Art and science as creative catalysts

Eleanor Gates-Stuart, Choung Nguyen, Matt Adcock, Jay Bradley, Matthew K. Morell, David Lovell

Research output: Book chapter/Published conference paperConference paperpeer-review

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People tend to judge the benefits of Science Art collaborations by their tangible outputs, such as artworks, visualisations and other artefacts generally accessible to a wide audience. We argue that the process by which these artworks were created can be a significant, or even the principal benefit of these collaborations, even though it might be largely invisible to anyone other than the collaborators. We describe our experience of Art and Science as mutual catalysts for creativity and imagination within the context of a large multidisciplinary research organisation (The Commonwealth Scientific and Industrial Research Organisation—CSIRO) and a major national exhibition—The Centenary of Canberra Science Art Commission. We have formed a view that Science and Art often pursue orthogonal dimensions of creativity and innovation, and that with the right approach and attitude, collaborators can combine these dimensions to access new areas of imagination and ideas. We discuss some of the challenges we have experienced in pursuing this aim, but conclude that the rewards to Art and Science—and the benefits they deliver to society—are well worth it.
Original languageEnglish
Title of host publicationIEEE VIS Arts Program (VISAP)
Place of PublicationAtlanta, Georgia
Publisher IEEE VIS Arts Program (VISAP)
Number of pages8
Publication statusPublished - 2013
EventIEEE Visualization (VIS 2013): 2013 IEEE Symposium on Large-Scale Data Analysis and Visualization (LDAV) - Marriott Marquis Hotel, Atlanta, United States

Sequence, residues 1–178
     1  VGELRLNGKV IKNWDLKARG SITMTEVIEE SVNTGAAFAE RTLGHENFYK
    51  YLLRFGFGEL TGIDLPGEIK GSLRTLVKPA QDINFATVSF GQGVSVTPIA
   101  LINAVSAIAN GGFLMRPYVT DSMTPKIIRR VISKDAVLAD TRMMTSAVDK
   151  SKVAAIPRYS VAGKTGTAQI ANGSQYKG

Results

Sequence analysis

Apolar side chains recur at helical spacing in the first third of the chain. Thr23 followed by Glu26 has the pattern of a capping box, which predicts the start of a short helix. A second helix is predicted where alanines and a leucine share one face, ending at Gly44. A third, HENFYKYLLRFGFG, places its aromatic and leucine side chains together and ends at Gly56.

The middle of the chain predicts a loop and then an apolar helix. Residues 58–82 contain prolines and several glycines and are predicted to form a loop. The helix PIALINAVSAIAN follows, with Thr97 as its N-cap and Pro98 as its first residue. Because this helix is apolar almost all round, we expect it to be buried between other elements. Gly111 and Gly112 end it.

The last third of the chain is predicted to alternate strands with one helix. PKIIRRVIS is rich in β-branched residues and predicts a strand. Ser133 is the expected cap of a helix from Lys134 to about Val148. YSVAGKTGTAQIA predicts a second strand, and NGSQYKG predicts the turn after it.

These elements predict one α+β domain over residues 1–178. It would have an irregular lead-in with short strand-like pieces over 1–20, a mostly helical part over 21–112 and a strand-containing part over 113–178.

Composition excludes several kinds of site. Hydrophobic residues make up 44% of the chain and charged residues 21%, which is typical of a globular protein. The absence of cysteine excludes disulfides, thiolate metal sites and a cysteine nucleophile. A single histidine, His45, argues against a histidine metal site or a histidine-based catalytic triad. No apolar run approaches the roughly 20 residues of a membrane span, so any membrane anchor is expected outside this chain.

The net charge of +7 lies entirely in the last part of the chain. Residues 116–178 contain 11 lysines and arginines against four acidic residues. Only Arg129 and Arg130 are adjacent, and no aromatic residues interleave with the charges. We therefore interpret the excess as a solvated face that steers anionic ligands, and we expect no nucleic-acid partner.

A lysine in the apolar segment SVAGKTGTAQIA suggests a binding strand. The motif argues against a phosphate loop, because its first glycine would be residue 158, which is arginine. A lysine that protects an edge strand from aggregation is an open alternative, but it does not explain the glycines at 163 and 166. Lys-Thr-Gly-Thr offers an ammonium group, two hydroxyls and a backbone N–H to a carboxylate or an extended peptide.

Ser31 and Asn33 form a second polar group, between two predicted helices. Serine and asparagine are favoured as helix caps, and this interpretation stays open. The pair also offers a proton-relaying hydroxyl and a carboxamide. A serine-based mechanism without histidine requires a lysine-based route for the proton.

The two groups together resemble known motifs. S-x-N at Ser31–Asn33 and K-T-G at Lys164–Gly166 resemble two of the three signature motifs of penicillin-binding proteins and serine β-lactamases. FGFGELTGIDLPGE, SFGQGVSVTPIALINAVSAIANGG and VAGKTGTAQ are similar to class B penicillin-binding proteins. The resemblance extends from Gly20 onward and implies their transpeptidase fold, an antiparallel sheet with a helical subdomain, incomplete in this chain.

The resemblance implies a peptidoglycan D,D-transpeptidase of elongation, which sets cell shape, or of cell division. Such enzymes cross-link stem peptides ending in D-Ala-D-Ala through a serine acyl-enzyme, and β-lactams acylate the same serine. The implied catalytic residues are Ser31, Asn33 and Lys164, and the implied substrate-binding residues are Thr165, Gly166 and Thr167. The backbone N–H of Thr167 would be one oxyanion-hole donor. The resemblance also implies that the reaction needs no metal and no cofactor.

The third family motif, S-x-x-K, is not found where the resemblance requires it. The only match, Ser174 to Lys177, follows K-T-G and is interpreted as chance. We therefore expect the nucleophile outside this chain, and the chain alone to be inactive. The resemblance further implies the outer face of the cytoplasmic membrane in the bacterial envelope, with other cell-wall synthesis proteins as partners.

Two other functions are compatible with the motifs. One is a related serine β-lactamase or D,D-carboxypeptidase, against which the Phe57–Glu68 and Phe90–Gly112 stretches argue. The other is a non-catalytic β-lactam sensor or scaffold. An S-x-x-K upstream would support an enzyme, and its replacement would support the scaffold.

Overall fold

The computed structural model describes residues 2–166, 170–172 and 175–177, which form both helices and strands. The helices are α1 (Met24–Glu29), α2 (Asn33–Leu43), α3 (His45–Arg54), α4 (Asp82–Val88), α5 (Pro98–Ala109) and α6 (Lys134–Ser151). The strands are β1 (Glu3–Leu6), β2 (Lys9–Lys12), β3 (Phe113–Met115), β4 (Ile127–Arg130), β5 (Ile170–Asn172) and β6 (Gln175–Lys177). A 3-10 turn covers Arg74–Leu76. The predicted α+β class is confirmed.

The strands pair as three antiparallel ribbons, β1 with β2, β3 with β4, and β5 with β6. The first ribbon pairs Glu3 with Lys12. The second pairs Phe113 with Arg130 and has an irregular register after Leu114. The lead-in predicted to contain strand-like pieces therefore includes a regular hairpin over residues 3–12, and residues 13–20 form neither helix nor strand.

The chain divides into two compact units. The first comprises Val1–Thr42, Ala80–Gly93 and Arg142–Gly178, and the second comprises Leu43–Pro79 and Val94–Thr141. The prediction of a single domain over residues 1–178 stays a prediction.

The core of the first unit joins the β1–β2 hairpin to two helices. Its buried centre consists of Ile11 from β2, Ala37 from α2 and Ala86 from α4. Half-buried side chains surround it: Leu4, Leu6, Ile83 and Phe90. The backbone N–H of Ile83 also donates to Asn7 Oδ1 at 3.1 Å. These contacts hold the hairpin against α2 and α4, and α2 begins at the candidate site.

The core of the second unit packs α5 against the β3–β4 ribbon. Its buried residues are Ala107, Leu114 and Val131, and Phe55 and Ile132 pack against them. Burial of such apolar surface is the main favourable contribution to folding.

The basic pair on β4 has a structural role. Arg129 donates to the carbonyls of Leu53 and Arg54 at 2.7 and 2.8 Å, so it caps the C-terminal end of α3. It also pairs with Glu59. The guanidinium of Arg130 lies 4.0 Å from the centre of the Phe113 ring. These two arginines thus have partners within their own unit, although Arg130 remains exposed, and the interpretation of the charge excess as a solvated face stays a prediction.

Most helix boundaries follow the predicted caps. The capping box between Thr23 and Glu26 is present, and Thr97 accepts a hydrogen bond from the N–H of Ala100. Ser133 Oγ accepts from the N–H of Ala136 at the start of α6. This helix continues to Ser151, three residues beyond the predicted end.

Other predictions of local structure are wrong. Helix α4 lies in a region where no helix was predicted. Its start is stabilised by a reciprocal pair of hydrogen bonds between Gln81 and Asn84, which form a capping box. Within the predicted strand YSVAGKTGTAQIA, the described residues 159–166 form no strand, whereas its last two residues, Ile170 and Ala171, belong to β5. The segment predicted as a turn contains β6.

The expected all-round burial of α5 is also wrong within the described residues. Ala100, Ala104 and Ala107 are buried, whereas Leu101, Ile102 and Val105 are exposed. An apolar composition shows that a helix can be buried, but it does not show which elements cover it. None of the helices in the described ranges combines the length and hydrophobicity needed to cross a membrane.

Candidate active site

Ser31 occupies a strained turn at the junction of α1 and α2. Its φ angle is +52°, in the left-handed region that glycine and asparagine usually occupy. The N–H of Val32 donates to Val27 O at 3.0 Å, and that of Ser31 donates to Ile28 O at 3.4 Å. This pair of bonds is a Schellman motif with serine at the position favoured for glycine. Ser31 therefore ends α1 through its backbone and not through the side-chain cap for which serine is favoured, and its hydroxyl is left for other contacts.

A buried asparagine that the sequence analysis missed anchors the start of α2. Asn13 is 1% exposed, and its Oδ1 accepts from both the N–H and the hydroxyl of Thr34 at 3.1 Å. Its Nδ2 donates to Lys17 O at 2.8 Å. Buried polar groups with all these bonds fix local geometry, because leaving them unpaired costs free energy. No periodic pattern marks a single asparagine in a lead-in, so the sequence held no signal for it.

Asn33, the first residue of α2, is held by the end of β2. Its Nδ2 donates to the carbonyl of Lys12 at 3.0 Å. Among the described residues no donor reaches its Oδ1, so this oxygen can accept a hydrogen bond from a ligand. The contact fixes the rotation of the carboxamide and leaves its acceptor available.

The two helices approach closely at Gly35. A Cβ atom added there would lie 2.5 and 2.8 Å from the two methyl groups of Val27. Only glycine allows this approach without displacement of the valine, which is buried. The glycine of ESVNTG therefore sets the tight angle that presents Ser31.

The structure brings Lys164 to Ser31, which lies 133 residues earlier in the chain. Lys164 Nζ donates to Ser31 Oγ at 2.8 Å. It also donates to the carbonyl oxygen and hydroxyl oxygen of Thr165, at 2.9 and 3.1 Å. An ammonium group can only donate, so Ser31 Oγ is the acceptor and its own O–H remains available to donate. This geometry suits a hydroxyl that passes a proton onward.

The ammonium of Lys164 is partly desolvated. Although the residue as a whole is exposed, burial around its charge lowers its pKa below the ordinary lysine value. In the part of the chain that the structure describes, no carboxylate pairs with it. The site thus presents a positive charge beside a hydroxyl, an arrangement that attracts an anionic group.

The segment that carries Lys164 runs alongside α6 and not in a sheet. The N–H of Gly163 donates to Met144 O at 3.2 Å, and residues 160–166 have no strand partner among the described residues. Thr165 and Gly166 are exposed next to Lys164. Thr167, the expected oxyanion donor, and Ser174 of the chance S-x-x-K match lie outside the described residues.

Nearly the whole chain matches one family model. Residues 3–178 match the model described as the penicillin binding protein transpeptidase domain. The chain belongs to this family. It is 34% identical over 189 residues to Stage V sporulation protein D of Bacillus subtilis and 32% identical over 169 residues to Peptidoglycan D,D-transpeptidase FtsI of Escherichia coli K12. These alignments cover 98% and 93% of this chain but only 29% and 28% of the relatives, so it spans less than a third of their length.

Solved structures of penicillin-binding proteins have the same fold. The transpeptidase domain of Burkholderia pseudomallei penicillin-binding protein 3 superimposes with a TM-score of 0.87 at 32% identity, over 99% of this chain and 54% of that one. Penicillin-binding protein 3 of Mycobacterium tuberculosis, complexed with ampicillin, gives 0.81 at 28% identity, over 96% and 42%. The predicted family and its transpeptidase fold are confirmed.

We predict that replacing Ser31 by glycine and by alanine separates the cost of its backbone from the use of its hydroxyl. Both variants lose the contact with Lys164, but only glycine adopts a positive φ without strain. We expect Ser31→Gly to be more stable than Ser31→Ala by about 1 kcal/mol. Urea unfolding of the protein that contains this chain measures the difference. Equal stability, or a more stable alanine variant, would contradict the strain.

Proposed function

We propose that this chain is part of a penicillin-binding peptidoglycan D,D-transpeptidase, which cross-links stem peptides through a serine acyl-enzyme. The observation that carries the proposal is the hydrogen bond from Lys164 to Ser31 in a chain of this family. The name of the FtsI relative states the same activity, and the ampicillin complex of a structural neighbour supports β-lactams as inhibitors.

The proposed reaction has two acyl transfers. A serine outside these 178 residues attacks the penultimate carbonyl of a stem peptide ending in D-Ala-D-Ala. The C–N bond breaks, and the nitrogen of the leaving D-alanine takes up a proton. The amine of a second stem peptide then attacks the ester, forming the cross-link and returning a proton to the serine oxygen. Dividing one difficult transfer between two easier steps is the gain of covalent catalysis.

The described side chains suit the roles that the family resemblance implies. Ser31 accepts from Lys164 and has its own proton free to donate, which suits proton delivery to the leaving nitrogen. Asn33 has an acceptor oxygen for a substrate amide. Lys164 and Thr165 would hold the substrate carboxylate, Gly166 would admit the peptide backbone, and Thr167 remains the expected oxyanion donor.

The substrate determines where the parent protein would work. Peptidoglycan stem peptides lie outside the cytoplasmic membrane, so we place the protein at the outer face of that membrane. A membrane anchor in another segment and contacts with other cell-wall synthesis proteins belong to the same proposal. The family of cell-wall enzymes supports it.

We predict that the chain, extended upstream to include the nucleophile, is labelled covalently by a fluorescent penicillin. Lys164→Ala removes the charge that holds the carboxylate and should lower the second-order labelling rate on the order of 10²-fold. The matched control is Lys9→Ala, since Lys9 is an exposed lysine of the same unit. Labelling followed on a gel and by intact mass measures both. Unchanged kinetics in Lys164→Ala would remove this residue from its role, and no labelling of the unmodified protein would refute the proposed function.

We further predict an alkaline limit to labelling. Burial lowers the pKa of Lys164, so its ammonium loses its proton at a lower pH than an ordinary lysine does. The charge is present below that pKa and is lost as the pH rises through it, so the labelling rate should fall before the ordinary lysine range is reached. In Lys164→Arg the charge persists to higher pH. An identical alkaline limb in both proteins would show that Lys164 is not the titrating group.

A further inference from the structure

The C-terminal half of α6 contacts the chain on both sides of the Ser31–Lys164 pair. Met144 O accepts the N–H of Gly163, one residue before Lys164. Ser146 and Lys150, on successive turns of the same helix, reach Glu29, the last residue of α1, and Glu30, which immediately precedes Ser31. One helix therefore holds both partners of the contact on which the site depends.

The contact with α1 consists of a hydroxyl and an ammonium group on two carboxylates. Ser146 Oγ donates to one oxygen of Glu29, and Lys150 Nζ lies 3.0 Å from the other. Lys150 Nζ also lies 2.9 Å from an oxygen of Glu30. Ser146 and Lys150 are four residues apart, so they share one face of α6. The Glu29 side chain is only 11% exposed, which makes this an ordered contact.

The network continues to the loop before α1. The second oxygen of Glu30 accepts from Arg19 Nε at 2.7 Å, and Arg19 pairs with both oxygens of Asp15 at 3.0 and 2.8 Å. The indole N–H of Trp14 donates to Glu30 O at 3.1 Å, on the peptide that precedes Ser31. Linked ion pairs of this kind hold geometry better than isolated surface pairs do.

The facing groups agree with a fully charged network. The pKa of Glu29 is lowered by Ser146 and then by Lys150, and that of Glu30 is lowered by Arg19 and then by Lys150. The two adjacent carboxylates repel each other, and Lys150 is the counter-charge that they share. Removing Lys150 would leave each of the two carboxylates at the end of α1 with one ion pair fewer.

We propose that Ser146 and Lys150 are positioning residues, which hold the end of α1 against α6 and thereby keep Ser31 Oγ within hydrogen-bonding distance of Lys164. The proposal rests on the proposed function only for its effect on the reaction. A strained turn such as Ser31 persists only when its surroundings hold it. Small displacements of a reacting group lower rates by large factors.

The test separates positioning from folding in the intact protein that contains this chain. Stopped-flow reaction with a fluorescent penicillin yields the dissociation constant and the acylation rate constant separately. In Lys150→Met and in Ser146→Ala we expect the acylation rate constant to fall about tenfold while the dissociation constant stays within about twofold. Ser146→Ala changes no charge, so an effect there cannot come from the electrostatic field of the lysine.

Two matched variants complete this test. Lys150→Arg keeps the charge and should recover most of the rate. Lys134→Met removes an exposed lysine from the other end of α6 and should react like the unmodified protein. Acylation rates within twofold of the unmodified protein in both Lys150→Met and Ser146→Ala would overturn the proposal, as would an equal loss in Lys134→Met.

Duration: 13 Oct 201314 Oct 2013 (Conference website) (Parent conference website) (Conference proceedings)


ConferenceIEEE Visualization (VIS 2013)
Country/TerritoryUnited States
OtherIn many areas of science, simulations and experiments begin to generate many petabytes of data, with some sciences facing exabytes of data near term. Similarly, the collection of information about the Internet applications and users for a variety of purposes is generating only more data. Our ability to manage, mine, analyze, and visualize the data is fundamental to the knowledge discovery process. That is, the value of data at extreme scale can be fully realized only if we have an end-to-end solution, which demands a collective, inter-disciplinary effort to develop.

This new symposium, held in conjunction with IEEE Vis 2013, aims at bringing together domain scientists, data analytics and visualization researchers, and users, and fostering the needed exchange to develop the next-generation data-intensive analysis and visualization technology. Attendees will be introduced to the latest and greatest research innovations in large data management, analysis, and visualization, learn how these innovations impact data intensive computing and knowledge discovery, and also learn about the critical issues in creating a complete solution through both invited and contributed talks, and panel discussion. Paper submissions are solicited for a long paper event that describes large data visualization techniques and systems, and a short paper event for practitioners to describe and present their large data visualization applications. Topic emphasis is on algorithms, languages, systems and hardware that supports the analysis and visualization of large data.
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